- Living Trusts:assets held in a revocable living trust at death are distributed pursuant to the provisions of that trust document
- The community property of the testator's spouse is not affected by a will. In California, any assets acquired by spouses from earnings during marriage are community property. The testator and spouse own equal shares of those assets.
Changing a California Will and Testament
A California will and testament may be changed whenever the testator desires. The State Bar of California recommends that testators review their wills periodically because, if it is not up to date when the testator dies, the estate may not be distributed as desired.
A California will and testament can be changed through a codicil, which is an amendment to the will. Codicils must be executed in accordance with the same state laws which apply to wills.
A California will and testament must not be changed by crossing out words or sentences or making notes or written corrections on it.
Revoking a Will
A California will and testament, or any part thereof, can be revoked by any of the following:
- A subsequent will which revokes all or part of the prior will expressly or by different terms in the subsequent will; or
- Being burned, torn, canceled, obliterated, or destroyed, with the intent and for the purpose of revoking it, by either (1) the testator or (2) another person in the testator's presence and by the testator's direction.
Probate is the court-supervised process by law which has as its goal the transfer of assets as set forth in your California last will. At the beginning of a probate administration, a petition is filed with the court, usually by the person or institution named in your will as executor. After notice is given, and a hearing is held, your will is admitted to probate and an executor is appointed.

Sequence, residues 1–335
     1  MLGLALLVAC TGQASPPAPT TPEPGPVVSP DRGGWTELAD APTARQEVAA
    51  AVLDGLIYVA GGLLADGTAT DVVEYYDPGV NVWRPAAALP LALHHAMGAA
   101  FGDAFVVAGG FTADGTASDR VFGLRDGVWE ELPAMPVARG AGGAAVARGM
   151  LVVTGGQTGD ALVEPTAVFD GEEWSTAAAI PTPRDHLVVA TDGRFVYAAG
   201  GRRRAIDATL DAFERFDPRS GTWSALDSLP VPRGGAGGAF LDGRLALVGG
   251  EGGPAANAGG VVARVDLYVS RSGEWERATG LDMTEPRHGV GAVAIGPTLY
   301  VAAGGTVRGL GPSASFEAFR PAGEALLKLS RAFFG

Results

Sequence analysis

If your California last will provides that assets shall pass to your surviving spouse at your death, then those assets can be transferred to your surviving spouse through the filing in the probate court of a "spousal property petition," which is a simpler and less expensive procedure than a formal probate administration. If the assets in your name alone at your death do not include an interest in real estate and have a total value of less than $100,000, then generally the beneficiaries under your will may follow a statutory procedure to effect the transfer of those assets pursuant to your will, subject to your debts and expenses, without involving the probate court.
It is extremely important to make a California will if you want to control the distribution of your estate. If you die without a valid will, you are said to have died "intestate" and your property will be distributed according to strict California state laws.
The following is a very basic summary of California's intestacy laws.
Intestate Descent and Distribution:
If you make a California will, your valid will prevents the laws of intestacy from deciding the distribution of your estate.
- With a surviving spouse: Spouse receives all of decedent's community property and part of separate property. The remaining separate property will be distributed to children, grandchildren, parents, grandparents, siblings, nieces, nephews or other close relatives.
- If not married: Assets will be distributed to children or grandchildren, if any, or to parents, siblings, nieces, nephews or other close relatives.